Riadhul Jannah and mehrab

Riadhul Jannah in Masjid-e-Nabwi
The Riadhul Jannah area with the mimbar on the right and mehrab on the left

The area between the Sacred Chamber and the Pulpit (Mimbar) is known as the Riadhul Jannah i.e. Garden of Paradise. It is presently distinguished by a green carpet and is also referred to as Rawdah.

  • Abu Hurairah (رضي الله عنه) narrated that the Prophet (ﷺ) said:
    “Between my house and my pulpit lays a garden from the gardens of Paradise, and my pulpit is upon my fountain (Al-Kauthar).” [Bukhari]
  • Scholars have interpreted the above narration as follows: The Garden is parallel to a garden above it in Paradise. Or it is in reality a garden of paradise, which will be returned to paradise in the hereafter. Or it is like the gardens of paradise, because the peace and tranquility which is experienced in it when engaged in the remembrance of Allah resembles that of paradise. [Akhbar Madina tur Rasool, Ibn Najjar]
  • The original size Is approximately 22 meters in length and 15 meters in width, part of it is in the chamber of the Prophet (ﷺ).

Mehrab (Prayer niche):

Mehrab of Masjid-e-Nabwi
Front view of the Mehrab – Photo:
  • The Prophet (ﷺ) prayed for about 16 months facing towards Al-Quds in Jerusalem on his arrival in Madinah. If one was to walk away from the ‘Aisha column’, leaving it towards your back, the fifth column will be in line with the door marked as Bab-e-Jibraeel. This fifth column was the approximate praying spot of the Prophet (ﷺ) for the above period. It was near to the extreme north boundary of the original mosque.
  • After the change in Qibla, the Prophet (ﷺ) offered salah near Aisha’s column for a short period while facing towards the Ka’bah. Later he started leading salat at the spot where the Mehrab Nabwi is nowadays. Note that there was no mehrab at this spot during the period of the Prophet (ﷺ) and the four Caliphs.
  • In 91 AH, Umar bin Abdul Aziz made a praying niche in the form of a mehrab. Since then it is called Mehrab Nabwi. If you were to stand in the mehrab for offering salah, your place of sajda will be where Prophet’s (ﷺ) feet used to be. The Prophet’s (ﷺ) place of sajda is intentionally covered by the thick wall of the mehrab.

Mimbar (pulpit):

Pulpit (Mimbar) of Masjid-e-Nabwi
Close up view of the present Pulpit (Mimbar) – Photo:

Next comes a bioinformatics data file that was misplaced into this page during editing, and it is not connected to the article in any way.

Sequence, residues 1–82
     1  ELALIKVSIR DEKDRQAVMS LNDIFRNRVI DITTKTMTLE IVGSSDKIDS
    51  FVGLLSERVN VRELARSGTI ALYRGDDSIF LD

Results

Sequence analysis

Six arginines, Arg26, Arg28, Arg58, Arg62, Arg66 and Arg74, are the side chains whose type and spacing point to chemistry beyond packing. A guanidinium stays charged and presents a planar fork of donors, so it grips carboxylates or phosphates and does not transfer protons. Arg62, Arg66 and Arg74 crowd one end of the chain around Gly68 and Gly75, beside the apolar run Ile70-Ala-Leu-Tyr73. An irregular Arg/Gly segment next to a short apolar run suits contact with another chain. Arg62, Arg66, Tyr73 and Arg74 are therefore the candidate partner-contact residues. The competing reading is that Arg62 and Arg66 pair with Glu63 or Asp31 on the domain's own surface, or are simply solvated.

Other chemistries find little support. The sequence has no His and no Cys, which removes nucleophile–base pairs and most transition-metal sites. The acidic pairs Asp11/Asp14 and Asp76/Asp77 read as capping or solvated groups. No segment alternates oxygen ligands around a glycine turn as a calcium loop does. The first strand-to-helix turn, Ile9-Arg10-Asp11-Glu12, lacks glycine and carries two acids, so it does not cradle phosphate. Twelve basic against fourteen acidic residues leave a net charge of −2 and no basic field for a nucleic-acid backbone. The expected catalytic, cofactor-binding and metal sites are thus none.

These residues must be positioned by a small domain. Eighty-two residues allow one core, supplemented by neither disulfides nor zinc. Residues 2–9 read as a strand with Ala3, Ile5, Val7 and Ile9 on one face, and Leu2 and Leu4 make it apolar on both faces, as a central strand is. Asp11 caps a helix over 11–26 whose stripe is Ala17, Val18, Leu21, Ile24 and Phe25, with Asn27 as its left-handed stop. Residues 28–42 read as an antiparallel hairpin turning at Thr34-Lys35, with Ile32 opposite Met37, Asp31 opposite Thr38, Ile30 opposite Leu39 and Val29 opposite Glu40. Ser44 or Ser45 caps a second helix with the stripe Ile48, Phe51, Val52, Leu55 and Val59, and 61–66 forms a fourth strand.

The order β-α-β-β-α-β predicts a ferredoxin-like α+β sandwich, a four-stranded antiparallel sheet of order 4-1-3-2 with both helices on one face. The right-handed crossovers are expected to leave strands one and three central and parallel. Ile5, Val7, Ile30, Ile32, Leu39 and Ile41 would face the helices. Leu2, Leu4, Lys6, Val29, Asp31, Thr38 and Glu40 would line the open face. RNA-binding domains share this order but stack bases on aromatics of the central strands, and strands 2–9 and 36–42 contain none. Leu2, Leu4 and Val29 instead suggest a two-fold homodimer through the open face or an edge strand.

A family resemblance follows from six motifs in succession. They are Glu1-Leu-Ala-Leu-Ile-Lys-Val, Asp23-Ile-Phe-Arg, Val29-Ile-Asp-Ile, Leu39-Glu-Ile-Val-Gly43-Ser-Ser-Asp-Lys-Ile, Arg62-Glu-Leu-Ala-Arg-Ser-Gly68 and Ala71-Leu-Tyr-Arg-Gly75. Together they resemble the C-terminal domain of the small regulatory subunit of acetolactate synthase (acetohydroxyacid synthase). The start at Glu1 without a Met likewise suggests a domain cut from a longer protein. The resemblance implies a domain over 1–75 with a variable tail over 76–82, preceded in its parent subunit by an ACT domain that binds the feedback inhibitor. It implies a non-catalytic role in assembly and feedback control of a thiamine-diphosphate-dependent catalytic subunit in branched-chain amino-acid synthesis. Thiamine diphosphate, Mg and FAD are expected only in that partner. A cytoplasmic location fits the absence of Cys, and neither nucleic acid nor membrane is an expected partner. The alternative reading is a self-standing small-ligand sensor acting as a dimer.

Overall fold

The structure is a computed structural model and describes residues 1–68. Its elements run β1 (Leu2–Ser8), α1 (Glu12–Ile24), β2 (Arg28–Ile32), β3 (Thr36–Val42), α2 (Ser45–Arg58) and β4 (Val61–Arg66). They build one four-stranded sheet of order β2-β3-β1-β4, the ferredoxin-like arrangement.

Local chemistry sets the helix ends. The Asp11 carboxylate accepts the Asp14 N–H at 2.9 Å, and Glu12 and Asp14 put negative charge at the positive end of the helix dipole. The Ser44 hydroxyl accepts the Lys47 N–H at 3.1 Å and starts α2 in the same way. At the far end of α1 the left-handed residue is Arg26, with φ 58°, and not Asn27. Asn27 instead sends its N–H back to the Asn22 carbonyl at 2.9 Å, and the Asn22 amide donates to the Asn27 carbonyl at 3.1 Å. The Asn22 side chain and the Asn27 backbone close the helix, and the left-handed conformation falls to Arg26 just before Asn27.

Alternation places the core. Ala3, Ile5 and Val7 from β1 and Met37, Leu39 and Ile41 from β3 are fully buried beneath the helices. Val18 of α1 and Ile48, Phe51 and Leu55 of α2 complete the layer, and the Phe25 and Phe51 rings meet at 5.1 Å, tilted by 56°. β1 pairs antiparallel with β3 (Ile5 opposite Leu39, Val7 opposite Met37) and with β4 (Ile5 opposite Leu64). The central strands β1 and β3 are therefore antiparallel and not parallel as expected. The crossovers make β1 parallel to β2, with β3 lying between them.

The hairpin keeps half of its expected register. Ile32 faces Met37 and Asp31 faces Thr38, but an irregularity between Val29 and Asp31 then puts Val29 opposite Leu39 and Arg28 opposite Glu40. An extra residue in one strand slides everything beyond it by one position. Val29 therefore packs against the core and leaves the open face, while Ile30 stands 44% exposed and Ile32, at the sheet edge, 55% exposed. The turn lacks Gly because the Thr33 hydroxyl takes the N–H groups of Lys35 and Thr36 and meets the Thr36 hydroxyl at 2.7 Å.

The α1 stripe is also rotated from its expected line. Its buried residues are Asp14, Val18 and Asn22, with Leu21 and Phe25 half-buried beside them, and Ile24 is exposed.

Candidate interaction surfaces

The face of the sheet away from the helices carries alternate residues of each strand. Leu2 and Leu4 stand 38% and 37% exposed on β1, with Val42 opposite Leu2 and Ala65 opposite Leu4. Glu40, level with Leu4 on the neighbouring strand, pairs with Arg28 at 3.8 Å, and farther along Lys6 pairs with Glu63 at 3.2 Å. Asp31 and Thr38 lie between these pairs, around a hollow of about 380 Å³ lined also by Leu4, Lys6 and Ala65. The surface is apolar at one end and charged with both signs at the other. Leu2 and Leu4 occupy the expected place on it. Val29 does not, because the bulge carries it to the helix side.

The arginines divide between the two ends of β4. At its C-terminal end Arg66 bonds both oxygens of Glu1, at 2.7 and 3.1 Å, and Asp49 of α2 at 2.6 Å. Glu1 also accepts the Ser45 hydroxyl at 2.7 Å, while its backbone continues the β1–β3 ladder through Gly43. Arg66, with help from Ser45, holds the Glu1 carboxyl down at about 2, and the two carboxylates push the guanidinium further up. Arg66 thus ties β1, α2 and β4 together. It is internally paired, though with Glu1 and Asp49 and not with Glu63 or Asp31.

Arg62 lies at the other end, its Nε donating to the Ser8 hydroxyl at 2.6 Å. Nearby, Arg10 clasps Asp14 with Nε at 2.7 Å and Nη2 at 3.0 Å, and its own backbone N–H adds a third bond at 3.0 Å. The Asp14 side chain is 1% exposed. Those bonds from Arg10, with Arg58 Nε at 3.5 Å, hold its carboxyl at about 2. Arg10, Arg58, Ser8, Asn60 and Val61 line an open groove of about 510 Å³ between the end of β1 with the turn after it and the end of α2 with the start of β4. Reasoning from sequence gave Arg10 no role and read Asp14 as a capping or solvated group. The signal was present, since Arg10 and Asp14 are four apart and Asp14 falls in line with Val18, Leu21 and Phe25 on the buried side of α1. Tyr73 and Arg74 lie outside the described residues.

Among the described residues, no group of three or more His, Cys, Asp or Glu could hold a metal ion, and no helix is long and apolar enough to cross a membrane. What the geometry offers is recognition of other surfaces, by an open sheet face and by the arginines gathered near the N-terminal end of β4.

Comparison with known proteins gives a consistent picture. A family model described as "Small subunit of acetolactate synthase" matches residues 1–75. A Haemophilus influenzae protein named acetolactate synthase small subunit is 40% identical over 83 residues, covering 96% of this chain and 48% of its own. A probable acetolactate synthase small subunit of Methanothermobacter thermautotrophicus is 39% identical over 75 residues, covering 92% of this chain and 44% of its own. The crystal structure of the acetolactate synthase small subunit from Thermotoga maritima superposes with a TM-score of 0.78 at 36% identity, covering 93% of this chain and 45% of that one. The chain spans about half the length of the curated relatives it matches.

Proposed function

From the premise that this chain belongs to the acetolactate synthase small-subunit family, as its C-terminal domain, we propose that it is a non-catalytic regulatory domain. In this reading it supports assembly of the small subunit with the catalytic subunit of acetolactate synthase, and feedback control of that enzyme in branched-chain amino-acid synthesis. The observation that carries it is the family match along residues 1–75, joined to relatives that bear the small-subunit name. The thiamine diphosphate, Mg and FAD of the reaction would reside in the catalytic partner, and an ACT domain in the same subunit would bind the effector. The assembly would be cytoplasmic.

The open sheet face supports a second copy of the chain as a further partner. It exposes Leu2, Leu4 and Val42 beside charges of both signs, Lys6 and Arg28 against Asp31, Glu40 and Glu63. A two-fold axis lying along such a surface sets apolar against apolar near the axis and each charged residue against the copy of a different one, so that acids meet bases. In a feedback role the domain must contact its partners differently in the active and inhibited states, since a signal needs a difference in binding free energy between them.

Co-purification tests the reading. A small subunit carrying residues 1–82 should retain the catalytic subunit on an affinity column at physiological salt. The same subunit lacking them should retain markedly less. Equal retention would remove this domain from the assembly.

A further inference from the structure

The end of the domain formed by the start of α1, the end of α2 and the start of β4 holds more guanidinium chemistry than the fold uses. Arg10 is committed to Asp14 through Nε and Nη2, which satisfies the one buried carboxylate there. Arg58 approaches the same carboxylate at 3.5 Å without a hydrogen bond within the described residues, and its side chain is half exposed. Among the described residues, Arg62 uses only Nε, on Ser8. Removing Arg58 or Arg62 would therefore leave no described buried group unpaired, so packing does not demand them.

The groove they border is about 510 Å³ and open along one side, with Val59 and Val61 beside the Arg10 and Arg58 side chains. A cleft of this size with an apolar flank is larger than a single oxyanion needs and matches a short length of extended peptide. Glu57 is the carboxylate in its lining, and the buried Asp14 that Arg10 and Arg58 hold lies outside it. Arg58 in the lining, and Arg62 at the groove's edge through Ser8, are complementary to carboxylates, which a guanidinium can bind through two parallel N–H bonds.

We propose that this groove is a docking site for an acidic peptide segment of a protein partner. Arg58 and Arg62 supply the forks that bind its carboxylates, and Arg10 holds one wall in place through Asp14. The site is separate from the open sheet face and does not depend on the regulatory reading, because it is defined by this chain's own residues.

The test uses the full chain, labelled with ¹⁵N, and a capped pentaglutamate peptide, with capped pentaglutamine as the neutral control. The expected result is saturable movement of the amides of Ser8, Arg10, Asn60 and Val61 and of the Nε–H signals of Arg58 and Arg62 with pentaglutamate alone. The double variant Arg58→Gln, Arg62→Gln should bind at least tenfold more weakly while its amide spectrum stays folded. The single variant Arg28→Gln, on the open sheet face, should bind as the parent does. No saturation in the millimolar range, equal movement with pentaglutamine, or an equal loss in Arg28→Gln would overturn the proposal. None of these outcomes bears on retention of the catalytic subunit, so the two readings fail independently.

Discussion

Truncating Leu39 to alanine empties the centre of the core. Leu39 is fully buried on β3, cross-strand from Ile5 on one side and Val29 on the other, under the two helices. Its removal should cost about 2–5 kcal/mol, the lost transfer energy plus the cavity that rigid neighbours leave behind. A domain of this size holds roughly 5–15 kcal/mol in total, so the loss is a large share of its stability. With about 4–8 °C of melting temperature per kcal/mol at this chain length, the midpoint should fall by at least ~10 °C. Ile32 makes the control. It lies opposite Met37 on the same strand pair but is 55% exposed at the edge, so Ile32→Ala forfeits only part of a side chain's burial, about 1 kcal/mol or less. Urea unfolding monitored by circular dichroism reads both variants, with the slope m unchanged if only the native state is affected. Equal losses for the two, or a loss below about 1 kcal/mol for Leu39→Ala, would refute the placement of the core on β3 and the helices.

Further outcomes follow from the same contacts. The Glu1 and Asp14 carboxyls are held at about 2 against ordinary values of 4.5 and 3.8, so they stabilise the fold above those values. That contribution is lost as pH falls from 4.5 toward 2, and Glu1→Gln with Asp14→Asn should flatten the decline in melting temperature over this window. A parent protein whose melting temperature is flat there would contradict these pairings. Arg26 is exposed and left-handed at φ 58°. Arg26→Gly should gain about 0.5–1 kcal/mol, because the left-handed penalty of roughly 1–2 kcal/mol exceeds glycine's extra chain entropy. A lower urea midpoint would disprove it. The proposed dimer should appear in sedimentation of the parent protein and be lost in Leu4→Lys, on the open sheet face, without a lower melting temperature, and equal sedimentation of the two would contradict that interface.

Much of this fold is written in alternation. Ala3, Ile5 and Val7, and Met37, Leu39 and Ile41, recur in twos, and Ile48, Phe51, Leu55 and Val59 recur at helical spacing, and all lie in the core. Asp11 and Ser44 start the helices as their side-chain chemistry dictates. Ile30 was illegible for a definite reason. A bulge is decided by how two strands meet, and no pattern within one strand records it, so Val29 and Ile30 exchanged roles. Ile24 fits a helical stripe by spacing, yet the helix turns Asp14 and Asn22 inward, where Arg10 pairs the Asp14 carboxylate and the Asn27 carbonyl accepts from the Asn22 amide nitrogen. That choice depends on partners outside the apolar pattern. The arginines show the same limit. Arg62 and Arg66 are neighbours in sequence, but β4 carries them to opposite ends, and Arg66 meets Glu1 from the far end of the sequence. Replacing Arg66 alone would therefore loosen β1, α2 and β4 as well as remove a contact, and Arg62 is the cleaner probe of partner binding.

• The Prophet (ﷺ) used to lean against the trunk of a palm tree  while delivering a sermon. The Ansar humbly suggested to him,If you approve, we can make a pulpit for you.” The Prophet (ﷺ) approved it and a pulpit was made. Prophet Muhammad (ﷺ) sat on this pulpit to make an address. When the Prophet (ﷺ) started using the new pulpit, the old tree yearned for him like a camel missing its calf. The Prophet (ﷺ) hugged the trunk until it had calmed down and then ordered that a ditch be dug and the trunk buried decently into it.
  • The Prophet (ﷺ) used to stand on the third rung while delivering his sermons. When Abu Bakr (رضي الله عنه) became caliph, he stood on the second rung and Umar bin Khattab (رضي الله عنه) stood on the first. Caliph Usman bin Affan did as Umar (رضي الله عنه) had done for six years before he returned to the old position of the Prophet. Amir Muawiyyah (رضي الله عنه) made a pulpit consisting of nine rungs. The leaders started sitting on the seventh rung. The pulpit has since been kept in this form and the Khateeb has been sitting on the seventh rung since that time.
  • The pulpit has been replaced on many occasions throughout the centuries. The present pulpit was put up by Sultan Murad in 998 AH.

Athan Platform:

Platform for adhan in Masjid-e-Nabwi
The platform for adhan (call to prayer) in Masjid-e-Nabwi – Photo:

References:  History of Madinah Munawwarah – Dr. Muhammad Ilyas Abdul Ghani, Wikipedia History of Madina – Ali Hafiz

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